Autotest structure overview

This document intends to be a high level overview of the autotest project structure. We try to be brief and show the high level diagrams.

Simplified block diagram

For the sake of clarity, some things are simplified here, but it gives you a good idea of the overall layout.


Web interface and command line interface

The web interface and the command line interface are complementary ways to interact with autotest and create jobs. Both were designed to have the same functionality, to add to the user’s convenience. The interfaces allows you to:

  • Manage jobs? - create, monitor, abort, etc.
  • Manage client hosts
  • Look at results.

The frontends will inject jobs into the server by creating records in a mysql database.


The server consists of three main parts:

  • A mysql database that holds information on all jobs, clients (test machines), users and tests.
  • The dispatcher (monitor_db) - chooses the jobs from the database to run. It’s input is the database, pretty much all it does is start autoserv processes to service requests.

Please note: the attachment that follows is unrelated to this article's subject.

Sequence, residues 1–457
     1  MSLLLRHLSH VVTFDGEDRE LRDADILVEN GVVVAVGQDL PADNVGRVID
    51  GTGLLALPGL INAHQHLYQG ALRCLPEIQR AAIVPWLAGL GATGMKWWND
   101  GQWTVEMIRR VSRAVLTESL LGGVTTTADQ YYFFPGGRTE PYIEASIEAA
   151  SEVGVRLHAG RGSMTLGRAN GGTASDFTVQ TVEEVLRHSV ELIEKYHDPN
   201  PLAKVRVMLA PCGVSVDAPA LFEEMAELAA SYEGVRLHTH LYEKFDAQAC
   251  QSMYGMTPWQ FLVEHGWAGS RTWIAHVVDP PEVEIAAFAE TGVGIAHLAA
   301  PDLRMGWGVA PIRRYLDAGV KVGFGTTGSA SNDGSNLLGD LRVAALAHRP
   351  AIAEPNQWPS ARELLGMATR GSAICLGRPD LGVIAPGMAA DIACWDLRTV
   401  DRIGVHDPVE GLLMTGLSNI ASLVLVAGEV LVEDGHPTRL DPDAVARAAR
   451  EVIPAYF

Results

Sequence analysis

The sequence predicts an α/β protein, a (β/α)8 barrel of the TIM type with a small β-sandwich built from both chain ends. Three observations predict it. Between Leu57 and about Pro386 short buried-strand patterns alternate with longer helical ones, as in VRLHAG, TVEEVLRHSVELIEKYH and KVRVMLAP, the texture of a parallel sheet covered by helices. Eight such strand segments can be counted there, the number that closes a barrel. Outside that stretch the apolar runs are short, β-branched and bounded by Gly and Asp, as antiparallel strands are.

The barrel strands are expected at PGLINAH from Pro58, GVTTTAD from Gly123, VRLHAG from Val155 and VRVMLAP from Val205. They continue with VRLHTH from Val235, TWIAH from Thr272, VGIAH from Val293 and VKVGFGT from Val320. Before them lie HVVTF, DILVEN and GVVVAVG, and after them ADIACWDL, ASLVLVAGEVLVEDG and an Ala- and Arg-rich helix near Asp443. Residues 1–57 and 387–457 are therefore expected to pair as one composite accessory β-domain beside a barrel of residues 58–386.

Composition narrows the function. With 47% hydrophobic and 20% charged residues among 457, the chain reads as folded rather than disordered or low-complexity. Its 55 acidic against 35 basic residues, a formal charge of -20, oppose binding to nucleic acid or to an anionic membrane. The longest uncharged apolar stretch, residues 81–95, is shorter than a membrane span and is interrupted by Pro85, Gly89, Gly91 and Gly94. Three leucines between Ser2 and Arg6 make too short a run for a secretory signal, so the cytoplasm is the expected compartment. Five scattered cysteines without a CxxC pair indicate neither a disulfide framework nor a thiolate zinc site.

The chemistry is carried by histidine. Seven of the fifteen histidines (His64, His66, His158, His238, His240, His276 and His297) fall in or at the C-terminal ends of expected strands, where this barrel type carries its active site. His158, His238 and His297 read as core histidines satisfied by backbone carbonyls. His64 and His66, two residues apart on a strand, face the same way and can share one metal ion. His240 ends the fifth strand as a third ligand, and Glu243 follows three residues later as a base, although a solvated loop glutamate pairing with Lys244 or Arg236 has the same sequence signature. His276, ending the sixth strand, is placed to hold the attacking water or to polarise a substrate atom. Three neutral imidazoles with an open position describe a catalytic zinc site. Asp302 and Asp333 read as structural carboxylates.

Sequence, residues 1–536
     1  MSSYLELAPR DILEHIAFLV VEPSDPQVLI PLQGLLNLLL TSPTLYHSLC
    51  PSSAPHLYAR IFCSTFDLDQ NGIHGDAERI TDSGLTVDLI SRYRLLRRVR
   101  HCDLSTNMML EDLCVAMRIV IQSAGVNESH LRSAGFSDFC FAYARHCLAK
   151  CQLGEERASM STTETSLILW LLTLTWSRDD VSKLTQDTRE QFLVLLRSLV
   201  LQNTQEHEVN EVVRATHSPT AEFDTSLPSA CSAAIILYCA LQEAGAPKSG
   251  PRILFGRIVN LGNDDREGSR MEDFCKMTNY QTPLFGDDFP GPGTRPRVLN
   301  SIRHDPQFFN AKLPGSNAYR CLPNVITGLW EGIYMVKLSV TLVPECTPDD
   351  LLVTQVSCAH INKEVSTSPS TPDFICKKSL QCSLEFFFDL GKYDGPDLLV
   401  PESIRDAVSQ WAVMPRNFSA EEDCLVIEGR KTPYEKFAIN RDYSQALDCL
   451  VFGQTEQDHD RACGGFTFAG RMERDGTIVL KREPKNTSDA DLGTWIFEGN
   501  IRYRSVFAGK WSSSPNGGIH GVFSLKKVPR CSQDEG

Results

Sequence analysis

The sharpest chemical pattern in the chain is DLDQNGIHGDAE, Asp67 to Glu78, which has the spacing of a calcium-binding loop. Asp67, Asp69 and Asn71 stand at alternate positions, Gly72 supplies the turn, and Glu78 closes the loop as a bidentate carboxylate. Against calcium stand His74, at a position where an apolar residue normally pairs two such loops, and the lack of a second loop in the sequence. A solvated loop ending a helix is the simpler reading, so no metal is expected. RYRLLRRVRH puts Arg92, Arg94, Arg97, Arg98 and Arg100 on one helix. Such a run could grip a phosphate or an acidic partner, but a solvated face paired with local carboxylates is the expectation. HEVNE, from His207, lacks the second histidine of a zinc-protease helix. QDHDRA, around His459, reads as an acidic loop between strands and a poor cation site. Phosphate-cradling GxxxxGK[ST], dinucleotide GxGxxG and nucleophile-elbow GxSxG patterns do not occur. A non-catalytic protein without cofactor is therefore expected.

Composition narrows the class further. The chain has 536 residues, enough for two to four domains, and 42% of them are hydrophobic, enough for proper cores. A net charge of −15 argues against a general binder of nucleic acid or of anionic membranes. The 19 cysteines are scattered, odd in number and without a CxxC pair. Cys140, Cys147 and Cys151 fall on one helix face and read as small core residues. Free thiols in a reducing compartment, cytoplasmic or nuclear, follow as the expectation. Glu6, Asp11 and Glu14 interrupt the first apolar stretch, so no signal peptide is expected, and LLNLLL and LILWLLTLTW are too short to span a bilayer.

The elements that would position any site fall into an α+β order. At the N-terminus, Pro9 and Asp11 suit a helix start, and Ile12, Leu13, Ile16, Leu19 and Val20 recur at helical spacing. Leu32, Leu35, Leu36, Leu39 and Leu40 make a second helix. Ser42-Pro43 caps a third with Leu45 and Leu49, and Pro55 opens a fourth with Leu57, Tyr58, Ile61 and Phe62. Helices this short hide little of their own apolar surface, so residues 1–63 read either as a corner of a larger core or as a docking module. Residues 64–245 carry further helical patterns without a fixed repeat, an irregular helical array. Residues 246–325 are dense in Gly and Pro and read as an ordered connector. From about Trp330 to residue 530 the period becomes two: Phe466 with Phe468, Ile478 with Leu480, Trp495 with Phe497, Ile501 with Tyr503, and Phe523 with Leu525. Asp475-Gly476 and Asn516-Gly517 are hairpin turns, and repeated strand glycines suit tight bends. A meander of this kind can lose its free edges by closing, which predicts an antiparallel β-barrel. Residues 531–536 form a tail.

• There is normally one dispatcher process per machine
    • Client side jobs are run asyncronously (as client machines become available)
    • Server side jobs are run syncronously (ie we wait for all clients before commencing)
  • Autoserv: the server manages clients via autoserv processes - there will be one autoserv process per running job?. Each autoserv process:
    • controls and monitors one or more clients
    • verifies clients are working properly, and if it fails verification, attempts to repair it
    • manages the execution of a job?
    • updates the autotest software on each client before commencing work.

The mysql database can live on a different machine than the dispatcher. There can be multiple dispatchers to spread the workload, though each can service a few thousand clients, so this is not normally necessary.


The client does most of the work of running a job?; this can be invoked:

  • manually - from client/autotest-local <control_file_name>
  • via the server

A typical job workflow is as follows:


Results repository

A directory tree of all the results. Each job has a well formatted directory structure

Results MySQL DB

A simple mysql database containing the jobs, test results, and performance metrics for each test

Overall structure

With all the parts of the code briefly commented, it’s easier to understand the overall structure diagram: